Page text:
If the sold call can be bought back for a small amount before expiration, it is usually best to do so, in order to lock in your profit and eliminate exposure to risk.
If you are purchasing stock at the same time you are selling calls, this strategy loses if the stock price drops significantly because to exit a position, you will need to first buy back the call and then sell the stock.
To reiterate, the covered call will profit from the stock's moving up, staying flat, or falling no more than the credit from the sold call. Some people like to use ETFs (exchange traded funds) for covered calls to minimize risk, but that doesn't mean that there isn't any risk.
We hold the position and stock is down around $46 at expiration, so we have a loss, but it is reduced by the amount of the credit of the sold call. In consideration of your time, we'll send the first two chapters of Jon and Pete's latest book, How We Trade Options. When the stock falls below the strike price of the call options by expiration, the call options expire worthless and the entire premium from sale is earned. When you short sell, you are actually selling a security without owning it, hoping that you can buy it later when the price falls and repay your loan.
You like it long term, but don't see it going anywhere over the short term and would consider selling it, given the right terms. They profit if the stock price drops by less than the amount of the sold call, and remain profitable if the stock moves up to or beyond the strike price of the call sold. We want to sell calls on high implied volatility because that is more time decay in our favor.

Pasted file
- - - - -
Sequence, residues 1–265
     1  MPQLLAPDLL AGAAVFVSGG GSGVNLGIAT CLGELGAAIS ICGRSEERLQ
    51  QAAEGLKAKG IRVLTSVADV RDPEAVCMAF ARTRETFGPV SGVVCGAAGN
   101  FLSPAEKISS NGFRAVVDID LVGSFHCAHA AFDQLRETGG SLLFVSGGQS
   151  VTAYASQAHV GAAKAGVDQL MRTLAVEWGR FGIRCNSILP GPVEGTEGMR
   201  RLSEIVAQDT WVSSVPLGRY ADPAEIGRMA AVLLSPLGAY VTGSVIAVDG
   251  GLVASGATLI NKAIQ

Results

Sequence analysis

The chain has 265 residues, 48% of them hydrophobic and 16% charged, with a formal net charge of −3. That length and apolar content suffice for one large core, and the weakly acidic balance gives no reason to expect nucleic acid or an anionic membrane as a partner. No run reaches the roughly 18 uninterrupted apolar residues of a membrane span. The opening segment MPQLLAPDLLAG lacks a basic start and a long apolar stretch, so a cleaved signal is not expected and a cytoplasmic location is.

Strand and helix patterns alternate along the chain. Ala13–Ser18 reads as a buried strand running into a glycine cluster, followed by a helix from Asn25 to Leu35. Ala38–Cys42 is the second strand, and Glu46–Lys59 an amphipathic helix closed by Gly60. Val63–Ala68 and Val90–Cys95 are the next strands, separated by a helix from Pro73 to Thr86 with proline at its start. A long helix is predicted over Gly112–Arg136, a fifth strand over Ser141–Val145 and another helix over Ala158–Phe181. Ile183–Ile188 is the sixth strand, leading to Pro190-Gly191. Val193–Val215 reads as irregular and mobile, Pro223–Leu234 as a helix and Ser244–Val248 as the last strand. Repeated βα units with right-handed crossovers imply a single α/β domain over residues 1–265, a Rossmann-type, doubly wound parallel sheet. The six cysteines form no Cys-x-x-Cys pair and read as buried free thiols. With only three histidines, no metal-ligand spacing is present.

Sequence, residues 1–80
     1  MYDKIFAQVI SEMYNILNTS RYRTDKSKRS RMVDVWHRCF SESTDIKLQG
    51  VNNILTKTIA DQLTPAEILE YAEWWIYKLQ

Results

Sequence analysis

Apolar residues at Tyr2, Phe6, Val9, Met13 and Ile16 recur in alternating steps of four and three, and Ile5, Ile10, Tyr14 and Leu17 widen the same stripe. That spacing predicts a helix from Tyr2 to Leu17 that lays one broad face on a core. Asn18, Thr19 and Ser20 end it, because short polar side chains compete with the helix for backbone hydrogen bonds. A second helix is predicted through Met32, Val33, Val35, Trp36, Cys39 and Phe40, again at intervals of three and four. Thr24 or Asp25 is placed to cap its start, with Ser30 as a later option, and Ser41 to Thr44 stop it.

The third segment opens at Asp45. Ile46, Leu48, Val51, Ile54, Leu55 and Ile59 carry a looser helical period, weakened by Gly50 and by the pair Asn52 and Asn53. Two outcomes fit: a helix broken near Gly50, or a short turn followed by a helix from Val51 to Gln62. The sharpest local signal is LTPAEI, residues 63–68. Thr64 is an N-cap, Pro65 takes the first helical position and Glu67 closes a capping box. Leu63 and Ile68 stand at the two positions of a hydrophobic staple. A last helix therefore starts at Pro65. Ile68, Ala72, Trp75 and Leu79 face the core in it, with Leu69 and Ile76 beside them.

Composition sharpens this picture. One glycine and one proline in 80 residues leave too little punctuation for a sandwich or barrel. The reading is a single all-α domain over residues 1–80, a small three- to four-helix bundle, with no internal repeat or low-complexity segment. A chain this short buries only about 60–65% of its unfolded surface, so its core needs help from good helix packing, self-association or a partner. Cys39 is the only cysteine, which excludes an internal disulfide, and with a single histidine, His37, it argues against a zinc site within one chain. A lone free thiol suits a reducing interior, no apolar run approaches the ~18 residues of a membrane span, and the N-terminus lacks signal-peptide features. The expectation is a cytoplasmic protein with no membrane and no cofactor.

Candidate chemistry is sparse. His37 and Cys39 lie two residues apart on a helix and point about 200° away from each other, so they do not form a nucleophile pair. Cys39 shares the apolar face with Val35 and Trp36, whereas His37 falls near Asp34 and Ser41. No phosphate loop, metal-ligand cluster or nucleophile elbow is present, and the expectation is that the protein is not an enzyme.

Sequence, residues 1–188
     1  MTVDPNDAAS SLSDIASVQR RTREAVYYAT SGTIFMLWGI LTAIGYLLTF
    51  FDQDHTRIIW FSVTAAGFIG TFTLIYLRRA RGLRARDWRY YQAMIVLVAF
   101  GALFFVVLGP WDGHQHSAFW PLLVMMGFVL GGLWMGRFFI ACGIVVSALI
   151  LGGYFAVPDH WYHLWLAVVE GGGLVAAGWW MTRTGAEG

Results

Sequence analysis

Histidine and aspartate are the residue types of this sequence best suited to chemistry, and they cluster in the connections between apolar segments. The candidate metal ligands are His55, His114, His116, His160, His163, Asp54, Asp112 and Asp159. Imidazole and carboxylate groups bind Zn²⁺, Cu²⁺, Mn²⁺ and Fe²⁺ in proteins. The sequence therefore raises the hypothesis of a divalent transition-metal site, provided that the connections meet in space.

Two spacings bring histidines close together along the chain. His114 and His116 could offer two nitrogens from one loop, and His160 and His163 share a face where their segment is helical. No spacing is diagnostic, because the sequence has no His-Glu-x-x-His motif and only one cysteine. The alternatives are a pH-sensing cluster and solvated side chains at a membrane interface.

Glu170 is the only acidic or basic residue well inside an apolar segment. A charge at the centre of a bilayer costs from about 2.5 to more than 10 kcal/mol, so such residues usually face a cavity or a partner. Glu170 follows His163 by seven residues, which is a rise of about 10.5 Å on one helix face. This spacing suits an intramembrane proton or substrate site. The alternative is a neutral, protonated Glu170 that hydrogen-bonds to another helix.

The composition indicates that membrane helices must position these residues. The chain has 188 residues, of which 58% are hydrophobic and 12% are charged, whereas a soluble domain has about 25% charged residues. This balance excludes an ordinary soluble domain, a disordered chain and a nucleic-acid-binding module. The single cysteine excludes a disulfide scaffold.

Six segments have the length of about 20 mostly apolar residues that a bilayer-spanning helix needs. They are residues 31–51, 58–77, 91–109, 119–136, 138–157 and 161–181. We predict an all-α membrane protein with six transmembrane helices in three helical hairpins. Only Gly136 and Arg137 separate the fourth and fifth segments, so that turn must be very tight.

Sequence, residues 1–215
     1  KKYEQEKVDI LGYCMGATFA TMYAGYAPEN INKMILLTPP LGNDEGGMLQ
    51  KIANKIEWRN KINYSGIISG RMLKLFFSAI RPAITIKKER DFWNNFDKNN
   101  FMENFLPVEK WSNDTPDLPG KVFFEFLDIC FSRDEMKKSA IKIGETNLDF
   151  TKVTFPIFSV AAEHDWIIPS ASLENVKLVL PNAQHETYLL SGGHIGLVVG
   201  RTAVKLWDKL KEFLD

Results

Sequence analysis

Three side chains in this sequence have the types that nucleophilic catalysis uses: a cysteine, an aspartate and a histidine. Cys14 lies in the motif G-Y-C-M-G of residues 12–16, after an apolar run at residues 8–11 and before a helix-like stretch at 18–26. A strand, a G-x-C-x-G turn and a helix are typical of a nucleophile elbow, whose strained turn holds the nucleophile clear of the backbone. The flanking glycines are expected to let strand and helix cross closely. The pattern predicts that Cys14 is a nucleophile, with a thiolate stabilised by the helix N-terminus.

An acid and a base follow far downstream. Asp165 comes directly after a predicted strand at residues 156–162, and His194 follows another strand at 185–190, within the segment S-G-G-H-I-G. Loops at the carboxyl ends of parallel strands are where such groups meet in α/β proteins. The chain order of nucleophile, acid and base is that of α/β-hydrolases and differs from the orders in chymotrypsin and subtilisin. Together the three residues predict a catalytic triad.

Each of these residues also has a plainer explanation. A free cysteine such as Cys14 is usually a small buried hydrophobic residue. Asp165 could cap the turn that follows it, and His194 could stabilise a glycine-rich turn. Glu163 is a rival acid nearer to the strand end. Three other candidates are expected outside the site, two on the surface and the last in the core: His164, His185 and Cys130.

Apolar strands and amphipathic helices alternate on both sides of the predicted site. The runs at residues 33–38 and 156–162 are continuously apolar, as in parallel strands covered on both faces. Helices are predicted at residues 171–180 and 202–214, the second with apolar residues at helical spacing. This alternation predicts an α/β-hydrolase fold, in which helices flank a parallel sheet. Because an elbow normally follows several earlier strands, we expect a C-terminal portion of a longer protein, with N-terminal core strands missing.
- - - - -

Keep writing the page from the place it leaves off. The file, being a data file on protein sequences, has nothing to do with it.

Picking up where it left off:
So in this case it is usually best to wait for expiration and assignment, because buying back the call can be very expensive. The price breaks back above 48 as the implied volatility starts to fall, so we sell the August 49 call for $1.20. This information neither is, nor should be construed, as an offer, or a solicitation of an offer, to buy or sell securities by OptionsHouse. You would also like to generate some income, but you aren't interested in selling your stock only to buy a CD with a next-to-nothing return. But while selling the call brings income to the account, it creates the obligation to sell the stock if the call is assigned.
Meanwhile, if the stock goes to 50.30 at expiration, the call will be assigned and the stock sold. The credit from selling the call gives you small cushion, but not real downside protection.
Because implied volatility (the volatility expectation taken from the options price) is a significant part of the premium paid for an option, if implied volatility goes down, the covered call will profit, and if implied volatility goes up, it will lose. If we had waited, we would have had the $1 profit from the option and $1.50 from the rise in the stock price, a gain of more than 10% for the month (minus commissions and fees). If we decide that we want to get out of the entire position, then we need to first buy back the call, and then sell the stock.
This should not be considered a solicitation to open an OptionsHouse account or to trade with OptionsHouse. OptionsHouse does not offer or provide any investment advice or opinion regarding the nature, potential, value, suitability or profitability of any particular investment or investment strategy, and you shall be fully responsible for any investment decisions you make, and such decisions will be based solely on your evaluation of your financial circumstances, investment objectives, risk tolerance, and liquidity needs. At that point, the full value of the sold call is retained while the stock has achieved its maximum without assignment. Thus, depending on the option’s strike price, writing Call options can be a viewed as a neutral to bearish strategy.
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